Nine expert voices, one gigantic country, 100 Things To Do . . . so if you’re looking for someone to praise (or, heaven forbid, blame), say hello to your panel of judges.
When Bill Gates visited Australia, he insisted on meeting two people in particular: the Prime Minister and Tony Wheeler, co-founder of Lonely Planet Publications. When Tony produced his first guidebook in 1972, Across Asia on the Cheap, he was writing about his own experiences and had no idea that Lonely Planet would come to publish more than 650 authoritative guides worldwide. Lonely Planet Australia is by far the best-selling guidebook in Britain, so who better to ask about Australia’s top spots?
For the past ten years, Catriona Rowntree has filled one of the most sought-after TV spots in the land, as presenter for Nine’s spectacularly popular travel programme, Getaway. Having visited hundreds of unique holiday destinations worldwide and given thousands of people the inspiration to “get up and go,” Catriona now shares her invaluable thoughts on the top places you should visit a little closer to home.
An English refugee, David has spent the past five years exploring the more bizarre corners of Australia on the grounds that he doesn’t much fancy going back to the constant drizzle of his homeland. As editor of backpacker mag British Balls, David has seen those bits of the country most Aussies have never heard of – many for very good reason – but his disturbingly extensive knowledge of obscure nooks and crannies makes him just the man to write our Detours and Diversions section each issue. And also to give us an important outsider’s perspective on the 100 Things To Do In Australia Before You Die.
Back in the mid-’90, AT’s consulting editor Suzi Petkovski was a naive tennis journo. Then she scored a guernsey to the World Tourism Games in Austria – the junket to end all junkets – and thought: “How long has this been going on?” Soon after, though, she joined Lonely Planet, which is to travel junkets what David Attenborough is to pole-dancing. Despite having received zero freebies ever since, she continues to potter and pay her way around Australia, finding even the Newell Highway endlessly fascinating. When not writing sport and travel, she grows (and goes) nuts in the Victorian High Country.
Travel writer/photographer John Borthwick is the author of countless articles, most illustrated by his own photos, as well as several collections of travel stories. His first journeys of youthful folly were hitch-hiking trips around Australia. He overshot the pier one day and found himself hitch-hiking on ships and yachts around the world, a diversion that accounted for a fair chunk of the ’70s. Since then he’s turned a taste for travel into the vice of a livelihood. He loves both the extremes and the relative tranquility of Australia. He’s also amazed at the stamina of foreign tourists who see more of Australia in ten days than some Australians manage in ten years.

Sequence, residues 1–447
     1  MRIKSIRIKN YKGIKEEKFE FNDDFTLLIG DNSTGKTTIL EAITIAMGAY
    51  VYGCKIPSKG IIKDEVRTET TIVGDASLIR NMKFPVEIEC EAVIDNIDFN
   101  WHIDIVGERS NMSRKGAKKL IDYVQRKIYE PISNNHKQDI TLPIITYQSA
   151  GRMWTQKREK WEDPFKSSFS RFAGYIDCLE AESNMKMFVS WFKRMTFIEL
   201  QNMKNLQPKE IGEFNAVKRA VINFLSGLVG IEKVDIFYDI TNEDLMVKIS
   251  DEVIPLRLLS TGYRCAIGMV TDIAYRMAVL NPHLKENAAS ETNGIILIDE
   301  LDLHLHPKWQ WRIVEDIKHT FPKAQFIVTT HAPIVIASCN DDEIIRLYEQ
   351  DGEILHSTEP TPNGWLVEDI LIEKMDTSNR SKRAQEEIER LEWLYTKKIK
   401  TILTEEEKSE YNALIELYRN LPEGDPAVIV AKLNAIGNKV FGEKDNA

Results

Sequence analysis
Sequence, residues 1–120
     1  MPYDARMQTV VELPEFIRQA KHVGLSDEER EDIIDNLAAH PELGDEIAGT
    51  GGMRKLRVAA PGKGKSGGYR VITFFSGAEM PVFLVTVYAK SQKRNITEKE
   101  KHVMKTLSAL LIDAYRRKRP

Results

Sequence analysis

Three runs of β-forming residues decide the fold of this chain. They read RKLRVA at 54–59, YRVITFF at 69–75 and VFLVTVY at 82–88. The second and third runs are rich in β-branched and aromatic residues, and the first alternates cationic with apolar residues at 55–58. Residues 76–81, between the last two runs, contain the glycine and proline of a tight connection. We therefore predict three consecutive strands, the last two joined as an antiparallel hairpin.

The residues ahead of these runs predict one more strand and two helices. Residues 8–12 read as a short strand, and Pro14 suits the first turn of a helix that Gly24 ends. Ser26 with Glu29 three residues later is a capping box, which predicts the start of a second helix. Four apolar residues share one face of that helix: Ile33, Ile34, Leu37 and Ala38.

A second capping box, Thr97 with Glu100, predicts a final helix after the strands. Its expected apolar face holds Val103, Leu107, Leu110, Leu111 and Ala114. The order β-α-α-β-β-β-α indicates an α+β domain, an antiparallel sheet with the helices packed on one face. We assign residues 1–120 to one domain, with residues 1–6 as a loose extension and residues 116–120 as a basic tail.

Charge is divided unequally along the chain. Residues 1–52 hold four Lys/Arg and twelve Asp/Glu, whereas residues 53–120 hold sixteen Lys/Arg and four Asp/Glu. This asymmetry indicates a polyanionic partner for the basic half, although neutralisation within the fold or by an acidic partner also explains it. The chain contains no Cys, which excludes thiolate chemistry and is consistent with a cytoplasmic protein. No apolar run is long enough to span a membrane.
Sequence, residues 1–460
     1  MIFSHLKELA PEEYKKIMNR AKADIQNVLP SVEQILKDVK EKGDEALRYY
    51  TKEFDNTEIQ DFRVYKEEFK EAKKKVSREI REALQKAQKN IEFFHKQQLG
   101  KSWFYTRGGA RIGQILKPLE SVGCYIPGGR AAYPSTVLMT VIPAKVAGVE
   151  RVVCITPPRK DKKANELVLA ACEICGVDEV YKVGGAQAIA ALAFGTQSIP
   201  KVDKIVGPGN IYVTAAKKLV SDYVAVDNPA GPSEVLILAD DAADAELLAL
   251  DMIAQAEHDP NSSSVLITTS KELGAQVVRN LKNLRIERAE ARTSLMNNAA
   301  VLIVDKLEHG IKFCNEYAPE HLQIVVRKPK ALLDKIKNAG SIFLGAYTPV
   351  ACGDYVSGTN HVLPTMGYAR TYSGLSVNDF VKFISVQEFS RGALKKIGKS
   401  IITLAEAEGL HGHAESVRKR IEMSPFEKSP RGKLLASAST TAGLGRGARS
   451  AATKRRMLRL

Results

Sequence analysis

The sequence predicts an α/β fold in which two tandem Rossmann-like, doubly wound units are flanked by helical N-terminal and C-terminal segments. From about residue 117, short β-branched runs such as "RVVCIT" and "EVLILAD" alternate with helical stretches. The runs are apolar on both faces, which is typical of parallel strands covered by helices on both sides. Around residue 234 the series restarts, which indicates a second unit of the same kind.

Co-host of Seven’s Sunrise programme and one of the country’s most influential business and finance commentators, David Koch greets hundreds of thousands of viewers across the country early each morning, and yet manages to maintain a vigour and enthusiasm for pretty much any worthwhile project that comes across his radar. Opinionated, forthright and no-nonsense – yet with a keen and quirky sense of humour – David’s also a self-confessed sports nut, as well as a family man with a generous love of the Australian Outback, having travelled to many a bizarre location with family in tow.
Athlete, commentator, presenter, mother . . . Johanna Griggs is best known as the face of Seven’s Olympic telecasts, and as the always energetic and ever reliable go-to gal for both Better Homes and Gardens and Sportsworld. When she’s not delivering deft onscreen backhands to Jim Courier during her Oz Open Tennis coverage, she’s secretly very, very into betting on nags at the Melbourne Cup Carnival. She’s taken a quick break from her ridiculously sports-heavy schedule here to weigh in on the best in travel experiences that her beloved country has to offer.
One of the most trusted, well-respected and recognisable faces on the Australian media landscape, George Negus is currently presenting the SBS current affairs programme Dateline. He’s also experienced massive success as an author (The World From Islam and The World From Italy). George has lived both in the bush with his family and experienced seaboard Australian life, making him more than amply qualified to brief us on his favourite destinations.
Greg is the author of no books, but is the editor of this mag and has been zooming around Australia all his life, so for some reason feels that means he has something to contribute to this monumental project. While doing everything he can to help promote travel within Australia, he still can’t help feeling there are impressive things off happening overseas that he’s missing out on. This wasn’t helped by the fact that every time he tried to get Catriona, Johanna or Tony on the phone, they were (respectively) diving with seals in New Zealand, skiing in Turin and providing earthquake relief in Pakistan.